The husband enters the stairway from below and sees her before she sees him, because she is wrapped up in herself. He tardily observes that she has been looking out the stairway window at the graveyard, already containing four of "my people" and "the child's mound." She doubts that he ever noticed the graveyard from that window and cries out for him to stop talking. Avoiding his touch, she shrinks past him down the stairs. When he asks why a man cannot speak of his "lost" child, she counters first by saying "Not you!" and then by doubting that any man can. She abruptly announces that she must get some air. He tells her not to take her grief to "someone else this time," sits so as not to seem domineering, and, calling her "dear," says he wishes to ask her something. When she replies that he does not know how to ask, he requests her "help," grows bitter at her silence, and generalizes: Men must give up some manliness when married, and further, two who love should to be able to discuss anything. He wants to be allowed into her grief, which he thinks she is "overdo[ing] a little,...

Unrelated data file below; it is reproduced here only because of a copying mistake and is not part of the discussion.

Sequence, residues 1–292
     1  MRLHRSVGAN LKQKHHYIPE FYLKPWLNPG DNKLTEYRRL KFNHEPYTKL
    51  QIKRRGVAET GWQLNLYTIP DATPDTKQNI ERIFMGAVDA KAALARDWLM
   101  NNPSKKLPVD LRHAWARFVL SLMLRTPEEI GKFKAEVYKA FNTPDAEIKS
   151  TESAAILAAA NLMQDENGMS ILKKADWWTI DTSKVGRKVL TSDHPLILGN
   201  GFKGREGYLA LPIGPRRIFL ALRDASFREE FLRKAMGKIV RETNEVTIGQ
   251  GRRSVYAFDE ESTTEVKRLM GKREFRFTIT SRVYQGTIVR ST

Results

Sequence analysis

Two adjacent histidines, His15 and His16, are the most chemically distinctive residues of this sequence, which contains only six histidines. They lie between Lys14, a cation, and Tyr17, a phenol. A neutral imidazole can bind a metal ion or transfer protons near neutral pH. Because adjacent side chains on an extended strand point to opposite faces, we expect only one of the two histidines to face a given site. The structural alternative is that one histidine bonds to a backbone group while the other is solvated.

... middle of paper ...
...nor "any man" can speak acceptably to her. Never once do they speak of "our" child.
They communicate by body language more expressively than by words. At first she is at the top of the stairs, and he is at the bottom. After they have reversed positions of seeming dominance, he sitsbut with his chin in "his fists," not his hands. When he generalizes about off-limit topics between couples, her only response is to "move the latch" of the door. Her intention is to get out of the house. It, along with her husband in it, is smothering her. Frost offers two messages in "Home Burial," one for pessimists such as himself, another for optimists. Its action exposes barriers to communication even among people "wonted" to intimacy. On the other hand, the dreadful aftermath of such barriers should encourage readers of good will to speak from the heart, listen, and be sympathetic.
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